The second GOP presidential debate is giving a prime-time stage to long shots trying to prove they're worthy of attention and to weakened veterans fighting to reassert their viability — all still struggling against the campaign's phenomenon, Donald Trump.
The billionaire businessman, who has shown striking durability through the summer, will be standing at center stage for the debate Wednesday night at the Regan Presidential Library in southern California, reflecting his lead in the national polls that determine participation.
As important as Trump's poll numbers is the shift in the way he's now viewed by his rivals and others. No longer dismissed as a summer fling for frustrated voters, Trump is increasingly seen as a candidate who could remain atop the field for months and win some early state primaries.
"He's in complete, total control of the political battle space," said Steve Schmidt, a top strategist for Sen. John McCain's 2008 presidential campaign.
Still, Trump faces new competition from candidates who, like him, can claim the mantle of political outsider.
Ben Carson, a soft-spoken retired neurosurgeon, has climbed in recent polls and is likely to face more scrutiny Wednesday night than previously. In the main debate for the first time will be Carly Fiorina, the former Hewlett-Packard executive and only woman in the GOP field.
Fiorina was relegated to the undercard debate for lower-polling candidates last month but pulled off a standout performance. Since then, she's been ridiculed by Trump, and viewers will be watching for exchanges between the two.
Both Carson and Fiorina will be looking to prove they merit the new attention, and Fiorina in particular is expected to be aggressive in taking on Trump.
She won't be alone in employing that strategy.
While candidates with long political resumes largely took a hands-off approach to Trump in last month's opening debate, both former Florida Gov. Jeb Bush and Wisconsin Gov. Scott Walker have forecast more intensity. Both of their campaigns are in need of a boost after summer struggles.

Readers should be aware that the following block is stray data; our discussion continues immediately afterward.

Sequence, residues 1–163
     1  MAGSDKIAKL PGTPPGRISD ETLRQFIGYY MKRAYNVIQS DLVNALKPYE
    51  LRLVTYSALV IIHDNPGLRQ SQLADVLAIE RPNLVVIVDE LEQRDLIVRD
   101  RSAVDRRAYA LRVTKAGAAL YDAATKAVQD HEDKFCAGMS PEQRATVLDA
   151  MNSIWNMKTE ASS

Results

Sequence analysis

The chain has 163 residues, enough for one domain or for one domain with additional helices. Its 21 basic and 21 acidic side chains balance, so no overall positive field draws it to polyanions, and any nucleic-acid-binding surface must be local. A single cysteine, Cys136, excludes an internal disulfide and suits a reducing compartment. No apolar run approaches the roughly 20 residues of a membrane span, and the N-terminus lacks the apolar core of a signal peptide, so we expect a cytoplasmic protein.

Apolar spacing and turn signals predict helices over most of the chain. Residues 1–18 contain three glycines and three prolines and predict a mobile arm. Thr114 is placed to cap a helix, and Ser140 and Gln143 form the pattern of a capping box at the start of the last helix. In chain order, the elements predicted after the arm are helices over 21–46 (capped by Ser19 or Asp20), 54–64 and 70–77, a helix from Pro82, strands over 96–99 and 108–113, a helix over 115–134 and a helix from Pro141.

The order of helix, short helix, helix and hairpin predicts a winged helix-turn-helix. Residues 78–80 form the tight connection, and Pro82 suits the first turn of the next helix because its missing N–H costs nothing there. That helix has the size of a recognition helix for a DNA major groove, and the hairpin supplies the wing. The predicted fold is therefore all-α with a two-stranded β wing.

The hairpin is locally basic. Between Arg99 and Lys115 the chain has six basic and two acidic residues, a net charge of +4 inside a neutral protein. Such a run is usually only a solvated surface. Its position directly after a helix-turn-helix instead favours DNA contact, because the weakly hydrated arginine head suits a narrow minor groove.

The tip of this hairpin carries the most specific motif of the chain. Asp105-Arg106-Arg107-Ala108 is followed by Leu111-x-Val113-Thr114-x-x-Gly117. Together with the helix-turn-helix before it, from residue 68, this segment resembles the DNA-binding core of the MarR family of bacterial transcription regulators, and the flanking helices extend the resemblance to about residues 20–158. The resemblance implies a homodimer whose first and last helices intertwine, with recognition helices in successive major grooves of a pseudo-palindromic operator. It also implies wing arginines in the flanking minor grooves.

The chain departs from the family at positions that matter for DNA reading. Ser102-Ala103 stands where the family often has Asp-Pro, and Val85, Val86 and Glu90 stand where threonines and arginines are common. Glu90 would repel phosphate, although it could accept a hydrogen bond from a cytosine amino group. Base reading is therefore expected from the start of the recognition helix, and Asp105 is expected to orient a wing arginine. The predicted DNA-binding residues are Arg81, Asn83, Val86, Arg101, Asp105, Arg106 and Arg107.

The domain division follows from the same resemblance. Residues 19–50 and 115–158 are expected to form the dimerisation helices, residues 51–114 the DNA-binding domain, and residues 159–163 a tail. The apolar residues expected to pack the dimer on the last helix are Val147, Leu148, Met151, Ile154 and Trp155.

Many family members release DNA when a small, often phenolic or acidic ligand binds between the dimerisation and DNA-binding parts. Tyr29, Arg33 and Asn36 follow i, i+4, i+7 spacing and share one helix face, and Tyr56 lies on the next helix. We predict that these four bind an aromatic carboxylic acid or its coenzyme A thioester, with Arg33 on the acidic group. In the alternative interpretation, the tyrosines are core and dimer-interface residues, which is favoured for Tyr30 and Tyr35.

Bush has become one of Trump's favorite targets. Generally a low-key, policy-focused candidate, Bush has grown visibility irritated by Trump's jabs, particularly the real estate mogul's contention that he is a "low energy" candidate.
Bush is expected to look for spots to target Trump, particularly for Trump's uneven record as a conservative. Still, Bush wants to preserve space to pitch himself as an optimistic alternative.
"Real leaders are optimists — they show us a better way," said Sally Bradshaw, Bush's longtime adviser. "That's what Jeb has always done, that's what he'll always do. Other candidates won't change that, regardless of how noisy they are."
Walker was once a favorite to win the leadoff Iowa caucuses, but his standing has plummeted after an unremarkable first debate and a series of other missteps.
"I think if people are looking for someone who is truly going to shake things up and wreak havoc on Washington, they want someone who's got real solutions and someone who is truly tested," Walker said last week. "I'm the only one on that stage that fits the bill."
Even if candidates follow through on their pledges to be more aggressive, there are warning signs about that approach. Trump has so far been immune to criticism of his lack of specific policy proposals, his personal attacks on women and immigrants, and his uneven support of conservatism.
Florida Sen. Marco Rubio, who has largely avoided criticizing his fellow candidates, isn't expected to join his rivals in taking on Trump. Rubio's campaign said the senator didn't see a need to mix things up like other candidates who are "falling" in the race.
Also on stage will be Ohio Gov. John Kasich, who is well-liked among more moderate, business-minded Republicans, and former Arkansas Gov. Mike Huckabee, a favorite of social conservatives.
Others in the prime-time debate are Kentucky Sen. Rand Paul, the only candidate to directly challenge Trump in the first go-around; New Jersey Gov. Chris Christie, who had a memorable exchange with Paul over national security in the opening contest, and Texas Sen. Ted Cruz, the sole contender to align himself with Trump.
Four candidates lagging behind in national polls did not qualify for the main event and will be relegated to an earlier debate: Louisiana Gov. Bobby Jindal, South Carolina Sen. Lindsey Graham, former Pennsylvania Sen. Rick Santorum and former New York Gov. George Pataki.
Associated Press writers Thomas Beaumont in California, and Scott Bauer in Madison, Wisconsin, contributed to this report.